Also, connect to the larger community on AI. Personally, I could not have been successful in data science Without engaging in the Sydney and Melbourne data science meetup groups and being mentored by a number of individuals within those. That’s been fundamental to my development. As a company, being embedded in the open source community around the globe has been fundamental to our success too. And we believe in your projects as well, that will be important, engage with the community.

So finally, point four is when we get to data and technology. And there is a lot to consider here. Where’s the data? Should we run in the cloud? Where are we going to deploy? What other data sources? Really think through what’s optimal for your business. And it’s often different in different business contexts. We encounter this as we talk to prospects and customers in the region, some of which are public cloud, some of which still do a lot of work on-prem and combinations or hybrids of these, is very much the norm. So specific to your own business.

Also, point five, very important and the key area for us, is trust in AI. Think about explainable AI and responsible AI, understanding that models need to be trusted by the business for them to be successfully deployed. And there may also be a responsible element in terms of your model, if it’s treating sensitive groups in certain ways. But always remember that trust is a critical component to any successful AI transformation. And overarching, I guess all of this, is that AI still requires humans to be in the loop, to be successful.

So with that in mind, and taking the above and condensing it somewhat into a slightly simpler slide, perhaps we can think about the AI project in this context. So we start with the framing, the culture and community that we’ve talked about. The asking the right questions, then we’ve got the technical execution, that’s the do ML part. And then we move on to building trust and moving to deployment. If we think about this in a manual ML context, it may look something like this.

So why do so many projects not reach deployment? I’ve seen stats that vary from anywhere between 50 to 90% of projects never reached deployment. Who knows what the true number is, but it’s definitely a challenge. And I think any of us working in this field have seen that. But why is that? Well, this is something that I’ve experienced personally as well, as we go through projects. A lot of effort is devoted to doing the technical execution in the right way. And that’s a valid thing to do. However, it can leave very little space for having real impact, and your project is unlikely to be successful if you don’t devote enough time to that. So that deployment component, the trust component, the thorough documentation component of your project.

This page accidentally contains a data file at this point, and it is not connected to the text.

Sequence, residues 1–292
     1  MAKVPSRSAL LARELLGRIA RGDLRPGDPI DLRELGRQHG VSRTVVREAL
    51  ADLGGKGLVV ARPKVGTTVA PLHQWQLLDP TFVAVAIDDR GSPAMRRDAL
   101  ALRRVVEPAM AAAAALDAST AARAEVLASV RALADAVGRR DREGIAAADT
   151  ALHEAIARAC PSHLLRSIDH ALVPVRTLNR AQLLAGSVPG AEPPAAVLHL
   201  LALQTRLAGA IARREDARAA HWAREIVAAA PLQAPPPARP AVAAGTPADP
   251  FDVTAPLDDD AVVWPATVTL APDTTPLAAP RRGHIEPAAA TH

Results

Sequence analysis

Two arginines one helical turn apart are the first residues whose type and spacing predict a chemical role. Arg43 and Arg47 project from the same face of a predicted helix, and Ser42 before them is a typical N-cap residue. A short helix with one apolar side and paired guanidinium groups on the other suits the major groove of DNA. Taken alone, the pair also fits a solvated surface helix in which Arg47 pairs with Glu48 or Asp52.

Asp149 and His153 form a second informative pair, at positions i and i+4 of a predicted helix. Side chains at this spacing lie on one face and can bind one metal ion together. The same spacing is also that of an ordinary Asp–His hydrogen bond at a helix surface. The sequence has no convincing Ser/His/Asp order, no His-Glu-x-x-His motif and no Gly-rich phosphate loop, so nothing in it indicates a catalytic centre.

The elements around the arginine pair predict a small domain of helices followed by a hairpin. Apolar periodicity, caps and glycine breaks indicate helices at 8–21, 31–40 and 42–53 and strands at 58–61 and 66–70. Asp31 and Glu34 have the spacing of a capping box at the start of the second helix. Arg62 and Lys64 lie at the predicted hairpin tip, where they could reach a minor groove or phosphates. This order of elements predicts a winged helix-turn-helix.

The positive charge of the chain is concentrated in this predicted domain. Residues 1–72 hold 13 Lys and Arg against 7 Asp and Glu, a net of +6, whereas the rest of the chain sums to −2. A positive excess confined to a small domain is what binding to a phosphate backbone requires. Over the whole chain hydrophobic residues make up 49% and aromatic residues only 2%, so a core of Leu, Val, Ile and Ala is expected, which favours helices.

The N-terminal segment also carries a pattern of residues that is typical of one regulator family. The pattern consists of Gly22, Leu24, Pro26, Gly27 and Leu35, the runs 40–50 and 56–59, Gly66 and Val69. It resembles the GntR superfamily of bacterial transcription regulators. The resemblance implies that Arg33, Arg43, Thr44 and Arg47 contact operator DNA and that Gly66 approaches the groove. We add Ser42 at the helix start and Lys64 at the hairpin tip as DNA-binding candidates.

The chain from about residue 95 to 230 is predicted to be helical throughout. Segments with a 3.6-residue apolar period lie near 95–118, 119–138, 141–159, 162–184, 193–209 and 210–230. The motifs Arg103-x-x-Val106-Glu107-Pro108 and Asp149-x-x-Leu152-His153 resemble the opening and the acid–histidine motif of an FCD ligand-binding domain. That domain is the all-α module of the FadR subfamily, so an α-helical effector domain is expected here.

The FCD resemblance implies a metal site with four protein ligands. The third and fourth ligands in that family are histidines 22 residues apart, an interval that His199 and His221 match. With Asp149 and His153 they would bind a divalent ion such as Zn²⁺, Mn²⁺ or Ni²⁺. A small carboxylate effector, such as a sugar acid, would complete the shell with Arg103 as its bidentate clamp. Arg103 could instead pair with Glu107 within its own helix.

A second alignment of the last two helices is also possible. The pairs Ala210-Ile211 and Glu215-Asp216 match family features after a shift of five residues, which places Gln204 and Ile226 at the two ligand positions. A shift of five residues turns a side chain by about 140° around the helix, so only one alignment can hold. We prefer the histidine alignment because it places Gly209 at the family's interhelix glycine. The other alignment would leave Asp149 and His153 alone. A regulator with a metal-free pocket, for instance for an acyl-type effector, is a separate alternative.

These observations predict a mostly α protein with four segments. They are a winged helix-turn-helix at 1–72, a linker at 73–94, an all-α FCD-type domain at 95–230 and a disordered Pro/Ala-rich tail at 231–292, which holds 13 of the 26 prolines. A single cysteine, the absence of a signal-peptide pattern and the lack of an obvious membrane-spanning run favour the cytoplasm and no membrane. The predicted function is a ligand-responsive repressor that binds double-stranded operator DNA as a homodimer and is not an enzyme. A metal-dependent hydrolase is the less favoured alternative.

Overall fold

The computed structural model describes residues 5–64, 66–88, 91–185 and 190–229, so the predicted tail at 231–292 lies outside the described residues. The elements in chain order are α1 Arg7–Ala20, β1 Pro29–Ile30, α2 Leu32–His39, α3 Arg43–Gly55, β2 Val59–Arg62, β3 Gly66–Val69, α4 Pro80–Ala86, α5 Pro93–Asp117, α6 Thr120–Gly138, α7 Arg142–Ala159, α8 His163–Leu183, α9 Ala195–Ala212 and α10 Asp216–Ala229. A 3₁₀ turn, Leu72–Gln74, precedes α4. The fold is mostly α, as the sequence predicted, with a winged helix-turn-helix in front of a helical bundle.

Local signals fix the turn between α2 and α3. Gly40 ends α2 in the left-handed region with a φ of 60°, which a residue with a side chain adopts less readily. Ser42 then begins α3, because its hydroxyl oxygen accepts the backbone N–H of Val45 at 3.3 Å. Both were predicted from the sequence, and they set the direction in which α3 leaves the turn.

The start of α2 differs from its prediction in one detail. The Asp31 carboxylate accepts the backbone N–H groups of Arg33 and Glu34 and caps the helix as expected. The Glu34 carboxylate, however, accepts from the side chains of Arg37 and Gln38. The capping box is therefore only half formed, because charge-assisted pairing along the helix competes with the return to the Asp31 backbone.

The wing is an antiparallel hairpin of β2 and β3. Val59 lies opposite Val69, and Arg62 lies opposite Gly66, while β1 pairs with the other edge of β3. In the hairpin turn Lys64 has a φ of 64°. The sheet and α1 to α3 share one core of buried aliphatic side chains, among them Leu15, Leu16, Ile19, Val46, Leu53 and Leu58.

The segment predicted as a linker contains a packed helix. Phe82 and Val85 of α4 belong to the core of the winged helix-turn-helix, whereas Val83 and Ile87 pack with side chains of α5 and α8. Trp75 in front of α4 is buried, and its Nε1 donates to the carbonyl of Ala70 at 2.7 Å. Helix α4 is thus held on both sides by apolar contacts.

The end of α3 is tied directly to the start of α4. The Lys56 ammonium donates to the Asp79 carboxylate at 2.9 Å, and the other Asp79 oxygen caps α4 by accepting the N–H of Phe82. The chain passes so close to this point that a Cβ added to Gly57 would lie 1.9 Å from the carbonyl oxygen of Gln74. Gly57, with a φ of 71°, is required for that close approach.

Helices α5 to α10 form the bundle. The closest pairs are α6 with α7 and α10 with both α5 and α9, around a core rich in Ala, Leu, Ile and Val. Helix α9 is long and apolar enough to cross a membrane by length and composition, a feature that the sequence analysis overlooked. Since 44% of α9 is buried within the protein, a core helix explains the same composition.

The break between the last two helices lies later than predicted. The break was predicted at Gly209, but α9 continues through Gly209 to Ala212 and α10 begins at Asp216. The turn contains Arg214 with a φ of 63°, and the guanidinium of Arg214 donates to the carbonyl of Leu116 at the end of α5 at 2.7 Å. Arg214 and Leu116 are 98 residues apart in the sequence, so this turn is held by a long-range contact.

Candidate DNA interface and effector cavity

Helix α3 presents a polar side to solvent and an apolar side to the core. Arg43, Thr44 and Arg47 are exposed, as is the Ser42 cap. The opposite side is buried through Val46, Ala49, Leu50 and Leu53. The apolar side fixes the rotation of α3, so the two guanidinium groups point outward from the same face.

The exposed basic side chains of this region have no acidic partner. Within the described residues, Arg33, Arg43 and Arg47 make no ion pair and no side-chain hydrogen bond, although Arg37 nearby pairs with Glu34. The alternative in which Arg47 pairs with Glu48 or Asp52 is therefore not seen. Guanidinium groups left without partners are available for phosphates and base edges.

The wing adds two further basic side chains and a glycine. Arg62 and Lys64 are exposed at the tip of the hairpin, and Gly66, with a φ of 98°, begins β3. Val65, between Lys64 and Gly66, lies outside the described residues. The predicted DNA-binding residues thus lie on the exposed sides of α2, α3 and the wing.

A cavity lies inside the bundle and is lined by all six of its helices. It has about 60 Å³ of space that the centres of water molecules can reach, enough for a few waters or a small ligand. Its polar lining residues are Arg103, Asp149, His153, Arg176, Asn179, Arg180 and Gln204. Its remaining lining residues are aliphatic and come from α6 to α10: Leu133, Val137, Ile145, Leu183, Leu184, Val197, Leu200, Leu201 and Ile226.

So hopefully with the right AutoMl, what we will see is a rebalancing of those components, and allowing more space more time to have real impact in terms of our AI projects and transformation. So hopefully now we can see how AutoMl might be useful for us. But let’s actually talk about it. So let’s have a look at some of the H2O’s platforms and how they can help us in this area.

So here we are, here are our platforms. As we mentioned before, we started with open source. Our intent was to create a thriving community for AI and ML. We built interfaces in R and Python and in interactive notebook environments. We optimized for big data, so Hadoop and Spark you can see through SPARKLING WATER there on the screen, and we learned a lot from engaging in that community and we saw a lot of the challenges that data scientists were having. They were spending a lot of time on feature engineering, in intuitive, time consuming task. And we knew that this could be automated to make data scientists more productive. And that’s where Driverless AI came in for us. We architected Driverless AI from the ground up and worked to remove those obstacles we talked about for data scientists. And much like open source, it builds on those capabilities, it works with Hadoop, it interfaces into Python and R and this is the product we’re going to demonstrate today when we get to that point shortly.

And our latest platforms too, to mention, H2O Q. You can see there on the right hand side of the slide. This is a new and innovative platform for business users. Ask your questions and get answers and model apps as well. How do we manage our models in deployment? Stay tuned for more on these products in up and coming webinars from us.

So focusing in on Driverless AI, this is how we think Driverless AI can help. So as we’ve mentioned before, it can help speed up the process, right? We’re talking about getting into a production ready state in hours versus this previously taking months. It augments your team, from your junior data scientists through to your expert data scientists, they can utilize Driverless AI to build a good working ML model. And it’s enterprise ready and it’s ready to scale with you.